Nearly every pundit knows that the Super Bowl, aside from being one of the most anticipated Sports events annually, is also a prime cache of new million-dollar advertisements guaranteed to garner spectacular viewership, and Google has joined that roster this year, but not without a slight mishap.

Early during the Super Bowl, Google's ad for Home, its own voice-activated smart speaker, aired on millions of TVs. The ad is a loving, if treacly homage to households, the families that live inside them, and the familial love fostered inside each one, but more on that later. The problem is, the ad contained the phrase "Okay, Google," which is the device's trigger phrase.

Google Home Devices Triggered

According to The Verge, that same phrase apparently activated a number of Google Home devices across the country, which, upon hearing the words uttered on the TV, possibly treated the phrase as a command, thereby setting off.

"Google Home commercial kept setting mine off! They need to chill it with the "okay Google"-ing," Twitter user Bill Radjewski said.

Amazon Echo Knows A Thing Or Two About Accidental Commands

This isn't the first time a particular content on TV triggered smart speakers. Last month a TV broadcast accidentally triggered a handful of Amazon Echo devices to order products online. A TV report detailing a cutesy tech mishap involving an Echo and a child unfortunately contained the words "Alexa ordered me a dollhouse," which upon being uttered set off Echo devices by owners who at the time were tuned in to the broadcast.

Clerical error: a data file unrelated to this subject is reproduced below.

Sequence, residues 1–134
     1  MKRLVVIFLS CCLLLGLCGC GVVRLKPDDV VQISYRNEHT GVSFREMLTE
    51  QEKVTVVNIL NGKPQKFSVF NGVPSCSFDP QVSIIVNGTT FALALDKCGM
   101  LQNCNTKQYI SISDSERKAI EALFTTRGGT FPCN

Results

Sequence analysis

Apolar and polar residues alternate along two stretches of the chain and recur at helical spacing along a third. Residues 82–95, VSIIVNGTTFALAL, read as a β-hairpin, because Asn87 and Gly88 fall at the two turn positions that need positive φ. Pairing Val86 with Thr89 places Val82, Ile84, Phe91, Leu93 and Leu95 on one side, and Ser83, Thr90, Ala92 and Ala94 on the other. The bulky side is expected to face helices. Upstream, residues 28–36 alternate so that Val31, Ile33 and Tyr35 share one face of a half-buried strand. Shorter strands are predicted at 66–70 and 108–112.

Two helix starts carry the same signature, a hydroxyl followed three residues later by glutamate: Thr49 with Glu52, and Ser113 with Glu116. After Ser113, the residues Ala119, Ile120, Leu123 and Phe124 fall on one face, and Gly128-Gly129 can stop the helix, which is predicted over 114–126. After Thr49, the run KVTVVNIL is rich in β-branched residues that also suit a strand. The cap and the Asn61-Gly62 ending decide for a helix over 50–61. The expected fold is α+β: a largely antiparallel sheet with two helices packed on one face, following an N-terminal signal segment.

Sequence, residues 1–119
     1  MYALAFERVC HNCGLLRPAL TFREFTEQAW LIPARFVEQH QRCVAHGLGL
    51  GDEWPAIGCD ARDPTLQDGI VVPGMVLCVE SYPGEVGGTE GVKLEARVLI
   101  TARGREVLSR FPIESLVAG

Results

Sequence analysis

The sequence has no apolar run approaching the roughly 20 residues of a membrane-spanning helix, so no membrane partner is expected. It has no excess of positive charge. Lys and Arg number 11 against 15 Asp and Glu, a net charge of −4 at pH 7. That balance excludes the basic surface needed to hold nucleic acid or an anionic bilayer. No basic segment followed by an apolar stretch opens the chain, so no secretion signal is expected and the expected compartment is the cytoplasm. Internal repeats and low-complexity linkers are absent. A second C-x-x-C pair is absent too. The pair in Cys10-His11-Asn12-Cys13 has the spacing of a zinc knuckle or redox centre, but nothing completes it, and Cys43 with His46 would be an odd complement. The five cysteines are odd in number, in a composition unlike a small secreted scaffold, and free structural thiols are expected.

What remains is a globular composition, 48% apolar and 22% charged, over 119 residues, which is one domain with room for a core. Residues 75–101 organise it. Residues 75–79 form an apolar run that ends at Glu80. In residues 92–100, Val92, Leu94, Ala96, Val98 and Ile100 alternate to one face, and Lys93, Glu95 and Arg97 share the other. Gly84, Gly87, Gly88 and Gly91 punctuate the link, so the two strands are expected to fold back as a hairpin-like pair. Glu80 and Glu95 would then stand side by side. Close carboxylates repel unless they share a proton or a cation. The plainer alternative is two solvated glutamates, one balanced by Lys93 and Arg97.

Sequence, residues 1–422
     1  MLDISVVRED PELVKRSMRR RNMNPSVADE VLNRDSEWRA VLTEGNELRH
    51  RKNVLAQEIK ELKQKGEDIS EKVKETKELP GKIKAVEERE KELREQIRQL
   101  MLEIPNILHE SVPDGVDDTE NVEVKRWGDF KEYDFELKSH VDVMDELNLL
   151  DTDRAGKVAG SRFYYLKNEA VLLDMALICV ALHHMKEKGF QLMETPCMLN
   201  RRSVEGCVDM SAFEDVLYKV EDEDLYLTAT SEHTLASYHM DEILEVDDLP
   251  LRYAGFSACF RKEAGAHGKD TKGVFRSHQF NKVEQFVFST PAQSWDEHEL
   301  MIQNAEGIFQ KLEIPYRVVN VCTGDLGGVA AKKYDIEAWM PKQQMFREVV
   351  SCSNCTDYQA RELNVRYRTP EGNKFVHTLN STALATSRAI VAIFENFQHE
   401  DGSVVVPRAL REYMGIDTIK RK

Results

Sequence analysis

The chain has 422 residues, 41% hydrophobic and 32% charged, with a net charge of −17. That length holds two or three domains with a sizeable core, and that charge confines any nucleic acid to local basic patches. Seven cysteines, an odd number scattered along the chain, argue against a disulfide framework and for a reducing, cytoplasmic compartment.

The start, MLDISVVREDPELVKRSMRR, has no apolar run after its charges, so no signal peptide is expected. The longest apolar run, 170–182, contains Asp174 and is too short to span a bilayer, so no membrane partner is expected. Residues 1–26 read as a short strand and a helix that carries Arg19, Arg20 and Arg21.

Google Home Ad

The ad was about, as previously mentioned, Home, Google's attempt to usurp Amazon's stake in the smart speaker race. The 60-seconder shows a number of household scenarios — turning on the lights, amping up the music, and more — aided by the smart speaker with a simple "Okay, Google."

The ad clearly celebrates the concept of family, different kinds of which are shown bonding over activities by some measure by the enabled speaker, whether it's translating a language, or searching for an alternative cooking ingredients. Although CNET's Chris Matyszczyk has already described the ad as a gracious and unapologetic nod to "your need to be lazy," the ad proves heartwarming enough to be merited.

Google Home is the Mountain View, California company's answer to rival Echo, a smart speaker packed with Alexa, Amazon's voice-enabled virtual assistant. Alexa has these things called "skills," which enable users to bark commands to the smart speaker that initiates a handful of features.

Other tech companies who are joining this year's roster of Super Bowl ads are Nintendo, Intel, T-Mobile, GoDaddy, and more. Fox is charging around $5 million for a 30-seconder this time around, as per Geekwire, so Google likely shelled out a bit more for its minute-long ad.

Connected devices and appliances are becoming increasingly mainstream, and both Google and Amazon have emerged as the chief competitors of the field, although Amazon certainly had an early lead.

You can watch the Google Home ad below.

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